Digital detectives

When 15-year-old Kayleigh Haywood went missing in Leicestershire in 2015, the work of the force’s Digital Media Investigator Team proved critical in bringing her killer to justice in a timely fashion.

Aug 31, 2021

There is a direct link between the digital transformation of Leicestershire Police, and the successful search for the killer of a 15-year-old girl in 2015. Without the creation of the force’s 70-person Digital Media Investigator Team, charged with centralising the process of accessing, managing, and analysing digital data, the search for the killer of Kayleigh Haywood might have been prolonged and costly, delaying justice as well as closure for the girl’s family.

Today, the Digital Media Investigations Team has a comprehensive suite of Cellebrite solutions. The solutions and improved workflows created by the digital strategies have all helped the Leicestershire police force gain a deeper understanding of devices and analysis, improving evidence turnaround times and accelerating closure of cases.

Cellebrite Responder allows users to quickly surface key insights by performing selective or full physical data collection anytime, anywhere, saving important investigation time. (Pic: Cellebrite)


Improving workflows

Leicestershire’s digital transformation started about the time when Detective Sergeant Charles Edwards was asked to establish the Digital Media Investigations Team. Up to that point, accessing, managing, and analysing digital data digital intelligence was a siloed process with little shared efficiencies, and with the force’s 1,900 officers struggling to quickly glean guidance from digital data on their own. The siloed, disconnected approach to collecting and analysing digital data slowed down progress on cases: There was a two-and-a-half-month backlog in analysing data from devices and returning them to their owners.

Det Sgt Edwards, the self-described “geek” on every police unit he’s joined since leaving university and working briefly in computer services, saw an opportunity to not only end that long device analysis backlog, but also evolve the digital workflow to add speed and depth to the process.

Digital evidence

In late 2015, the police force marshalled its digital intelligence resources to identify the killer of Kayleigh Haywood, a 15-year-old girl who disappeared after exchanging texts and messages with Luke Harlow, a 21-year-old man. Det Sgt Edwards was the digital investigator assigned to the case. A few days after Kayleigh disappeared, investigators extracted and analysed data from her iPad, finding Facebook Messenger messages with Harlow about drinking alcohol and spending the night together.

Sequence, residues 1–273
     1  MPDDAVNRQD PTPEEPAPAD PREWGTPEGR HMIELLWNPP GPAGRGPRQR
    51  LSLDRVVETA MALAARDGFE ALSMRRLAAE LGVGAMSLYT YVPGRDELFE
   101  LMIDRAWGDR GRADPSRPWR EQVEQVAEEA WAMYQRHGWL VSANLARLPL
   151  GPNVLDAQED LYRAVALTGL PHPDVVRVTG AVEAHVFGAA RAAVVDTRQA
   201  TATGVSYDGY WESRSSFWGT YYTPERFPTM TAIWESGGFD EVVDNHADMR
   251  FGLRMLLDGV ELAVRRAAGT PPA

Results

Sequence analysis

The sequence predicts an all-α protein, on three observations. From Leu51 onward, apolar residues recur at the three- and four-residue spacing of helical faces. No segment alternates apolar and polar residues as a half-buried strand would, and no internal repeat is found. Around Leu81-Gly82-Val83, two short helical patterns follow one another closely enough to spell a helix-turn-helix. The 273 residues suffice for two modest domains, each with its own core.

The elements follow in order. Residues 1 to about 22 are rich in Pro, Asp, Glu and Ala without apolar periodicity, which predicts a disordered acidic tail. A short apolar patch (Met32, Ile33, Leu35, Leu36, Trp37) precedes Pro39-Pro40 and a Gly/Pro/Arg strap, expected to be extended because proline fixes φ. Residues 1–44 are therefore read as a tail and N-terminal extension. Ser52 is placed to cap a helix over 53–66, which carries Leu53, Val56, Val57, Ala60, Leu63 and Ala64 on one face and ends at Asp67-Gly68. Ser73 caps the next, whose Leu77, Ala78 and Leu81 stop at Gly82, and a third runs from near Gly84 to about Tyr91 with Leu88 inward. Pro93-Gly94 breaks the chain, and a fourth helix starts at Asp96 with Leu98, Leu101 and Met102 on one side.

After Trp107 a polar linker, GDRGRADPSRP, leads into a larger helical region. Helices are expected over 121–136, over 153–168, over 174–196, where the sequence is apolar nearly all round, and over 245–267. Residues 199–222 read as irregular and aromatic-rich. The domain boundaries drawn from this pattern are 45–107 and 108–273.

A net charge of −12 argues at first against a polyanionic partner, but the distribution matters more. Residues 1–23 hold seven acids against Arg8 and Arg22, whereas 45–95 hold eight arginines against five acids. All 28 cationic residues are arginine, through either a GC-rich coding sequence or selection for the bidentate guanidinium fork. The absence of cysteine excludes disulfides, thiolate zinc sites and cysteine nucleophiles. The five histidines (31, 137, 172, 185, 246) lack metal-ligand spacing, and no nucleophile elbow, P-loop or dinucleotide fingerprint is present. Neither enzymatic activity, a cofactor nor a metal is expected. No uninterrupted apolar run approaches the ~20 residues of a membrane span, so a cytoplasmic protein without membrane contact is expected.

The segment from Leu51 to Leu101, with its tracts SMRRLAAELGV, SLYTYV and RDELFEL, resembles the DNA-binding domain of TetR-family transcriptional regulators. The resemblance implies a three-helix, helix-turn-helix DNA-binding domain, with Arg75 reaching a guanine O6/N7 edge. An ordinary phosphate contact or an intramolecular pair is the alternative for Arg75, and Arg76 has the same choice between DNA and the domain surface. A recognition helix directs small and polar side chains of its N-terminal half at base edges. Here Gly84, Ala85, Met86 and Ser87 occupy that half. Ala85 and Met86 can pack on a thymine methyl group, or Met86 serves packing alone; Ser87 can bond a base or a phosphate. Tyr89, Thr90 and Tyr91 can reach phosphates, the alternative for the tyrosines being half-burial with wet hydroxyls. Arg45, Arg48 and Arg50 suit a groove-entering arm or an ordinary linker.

While Harlow insisted he had not met with Kayleigh, on-site forensics identified her fingerprints at the man’s house, although there were no signs of a struggle. Digital investigators accessed the man’s Google Cloud account and location data, and placed him in a local park at 1am the day of Kayleigh’s disappearance. There, they found clothing and Kayleigh’s damaged iPhone – signs that indicated a sexual assault had taken place.

The digital investigators accessed deleted content from the iPhone, including photos of another man, Stephen Beadman, a neighbour of Harlow’s who already had a criminal record involving assaults. A Cellebrite CAS-aided extraction of Beadman’s iPhone revealed enough call and location data to press Beadman for details of his involvement in the crime. He initially admitted to sexually assaulting Kayleigh but denied killing her.

Kayleigh Haywood


Online grooming

“The day after he went to court and he realised how much data we’d obtained from his phone, he gave us the location of the body because he knew he was stuck,” Det Sgt Edwards says. “It’s fair to say that if we weren’t able to pinpoint his general whereabouts using digital evidence that we would have been looking for the body for a long, long time. The digital evidence made the investigation quicker and easier.”

Beadman received a life sentence for Kayleigh’s murder; Harlow was sentenced to 12 years in prison for false imprisonment and grooming. The publicity around the case inspired Leicestershire Police’s communications team to create a short film, “Kayleigh’s Love Story,” about the final two weeks of the girl’s life and the dangers of online grooming. The film is shown in schools all over the United Kingdom to children and their parents and has been translated into several languages.

To see how other agencies around the world are harnessing the power of digital technology to protect and save lives, accelerate justice, and preserve data privacy click here.

Sean Millwaters is a Digital Intelligence expert with more than 13 years of combined military and police experience. In his previous profession, he was a member of various law enforcement squads involved with drugs, surveillance, and armed response. He has more than 20 years of sales experience working with law enforcement, government, and military agencies. For the past seven years, he served as Sales Director/Senior Sales Director, VP Sales UKI, and VP Sales EMEA for Cellebrite.

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